The Effects of Interactions between Federal and State Climate Policies
In the absence of a federal policy to cap carbon emissions many states are moving forward with their own initiatives, which currently range from announcements of commitments to reduce greenhouse gases to a regional multi-state cap-and-trade program slated to begin in 2009. While federal legislation is expected in the next few years, it is unclear how such legislation will define the relationship between a federal cap and trade program and other state regulations. Assuming the introduction of a cap-and-trade program at the federal level, this paper analyzes the economic and environmental impacts of the range of possible interactions between the federal program and state programs. We find that the impacts of interaction depend on relative stringency of the federal and state program and overlap in source coverage. Where state programs are both duplicative of and more demanding than the federal cap, the effect is entirely redistributive of costs and emissions, with in-state sources facing higher marginal abatement costs. Also, differing marginal abatement costs among states create economic inefficiencies that make achievement of the climate goal more costly than it need be. These redistributive effects and the associated economic inefficiency are avoided under either federal preemption of duplicative state programs or a ‘carve out’ of state programs from the federal cap with linkage to the federal allowance market.
|Date of creation:||May 2008|
|Contact details of provider:|| Postal: 77 Massachusetts Ave. (Building E40-279), Cambridge, MA 02139-4307|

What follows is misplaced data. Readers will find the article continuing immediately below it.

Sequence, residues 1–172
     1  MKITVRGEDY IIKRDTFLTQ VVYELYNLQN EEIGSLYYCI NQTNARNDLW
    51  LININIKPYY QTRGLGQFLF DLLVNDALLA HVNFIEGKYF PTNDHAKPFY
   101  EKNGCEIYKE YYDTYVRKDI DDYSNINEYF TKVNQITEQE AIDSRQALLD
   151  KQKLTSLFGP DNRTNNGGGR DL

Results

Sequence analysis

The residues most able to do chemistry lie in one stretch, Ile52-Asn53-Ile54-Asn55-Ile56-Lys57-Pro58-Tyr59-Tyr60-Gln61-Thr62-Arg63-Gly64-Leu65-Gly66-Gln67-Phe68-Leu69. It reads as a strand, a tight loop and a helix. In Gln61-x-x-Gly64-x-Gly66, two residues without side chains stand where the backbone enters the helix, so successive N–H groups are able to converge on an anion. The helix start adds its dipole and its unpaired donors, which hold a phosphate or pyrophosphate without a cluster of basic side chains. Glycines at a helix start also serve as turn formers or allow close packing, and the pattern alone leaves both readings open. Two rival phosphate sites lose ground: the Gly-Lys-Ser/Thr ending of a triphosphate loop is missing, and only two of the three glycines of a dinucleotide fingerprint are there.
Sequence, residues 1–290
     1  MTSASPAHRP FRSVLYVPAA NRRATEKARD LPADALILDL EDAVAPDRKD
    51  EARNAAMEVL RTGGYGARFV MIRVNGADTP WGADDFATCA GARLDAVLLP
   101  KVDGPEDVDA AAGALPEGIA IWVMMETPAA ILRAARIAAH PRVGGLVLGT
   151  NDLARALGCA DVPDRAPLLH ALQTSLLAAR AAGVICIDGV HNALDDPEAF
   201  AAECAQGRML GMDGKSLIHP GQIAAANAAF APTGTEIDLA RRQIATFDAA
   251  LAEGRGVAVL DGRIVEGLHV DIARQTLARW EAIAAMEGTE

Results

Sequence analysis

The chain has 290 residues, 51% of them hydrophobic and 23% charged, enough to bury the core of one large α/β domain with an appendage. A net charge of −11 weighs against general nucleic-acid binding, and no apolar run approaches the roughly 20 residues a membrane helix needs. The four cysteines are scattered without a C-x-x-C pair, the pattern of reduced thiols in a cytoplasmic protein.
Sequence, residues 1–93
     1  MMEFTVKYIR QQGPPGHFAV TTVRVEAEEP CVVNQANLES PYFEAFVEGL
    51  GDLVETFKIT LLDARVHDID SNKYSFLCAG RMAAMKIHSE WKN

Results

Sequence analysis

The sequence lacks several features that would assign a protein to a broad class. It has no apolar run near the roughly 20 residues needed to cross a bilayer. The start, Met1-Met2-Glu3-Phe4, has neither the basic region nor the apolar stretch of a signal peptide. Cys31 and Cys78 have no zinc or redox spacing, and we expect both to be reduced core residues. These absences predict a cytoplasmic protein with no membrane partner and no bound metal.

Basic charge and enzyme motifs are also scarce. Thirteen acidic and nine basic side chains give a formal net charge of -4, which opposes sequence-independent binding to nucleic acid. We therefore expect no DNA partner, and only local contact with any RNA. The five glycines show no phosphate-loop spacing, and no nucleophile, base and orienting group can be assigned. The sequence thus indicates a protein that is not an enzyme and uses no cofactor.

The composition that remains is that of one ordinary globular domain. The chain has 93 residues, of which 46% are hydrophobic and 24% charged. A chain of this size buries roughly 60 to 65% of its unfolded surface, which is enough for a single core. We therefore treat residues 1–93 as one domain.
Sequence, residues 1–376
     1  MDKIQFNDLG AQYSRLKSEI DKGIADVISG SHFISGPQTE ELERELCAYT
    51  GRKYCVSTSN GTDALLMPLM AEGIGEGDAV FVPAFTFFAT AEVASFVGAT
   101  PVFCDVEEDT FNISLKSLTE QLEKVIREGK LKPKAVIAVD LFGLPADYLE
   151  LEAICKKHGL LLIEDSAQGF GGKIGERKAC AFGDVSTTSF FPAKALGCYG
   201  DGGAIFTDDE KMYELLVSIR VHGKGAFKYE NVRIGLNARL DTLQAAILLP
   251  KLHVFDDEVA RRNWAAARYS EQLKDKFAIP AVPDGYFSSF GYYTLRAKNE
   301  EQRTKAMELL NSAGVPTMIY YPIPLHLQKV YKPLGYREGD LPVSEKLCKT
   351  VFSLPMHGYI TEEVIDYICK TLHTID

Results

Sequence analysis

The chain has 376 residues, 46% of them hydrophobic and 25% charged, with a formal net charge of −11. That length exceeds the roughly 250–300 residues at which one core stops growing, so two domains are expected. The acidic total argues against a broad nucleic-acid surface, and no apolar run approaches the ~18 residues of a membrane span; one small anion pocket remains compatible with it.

Phone: (617) 253-3551
Fax: (617) 253-9845
Web page: http://tisiphone.mit.edu/RePEc
More information through EDIRC
When requesting a correction, please mention this item's handle: RePEc:mee:wpaper:0804. See general information about how to correct material in RePEc.
For technical questions regarding this item, or to correct its authors, title, abstract, bibliographic or download information, contact: (Sharmila Ganguly)
If you have authored this item and are not yet registered with RePEc, we encourage you to do it here. This allows to link your profile to this item. It also allows you to accept potential citations to this item that we are uncertain about.
If references are entirely missing, you can add them using this form.
If the full references list an item that is present in RePEc, but the system did not link to it, you can help with this form.
If you know of missing items citing this one, you can help us creating those links by adding the relevant references in the same way as above, for each refering item. If you are a registered author of this item, you may also want to check the "citations" tab in your profile, as there may be some citations waiting for confirmation.
Please note that corrections may take a couple of weeks to filter through the various RePEc services.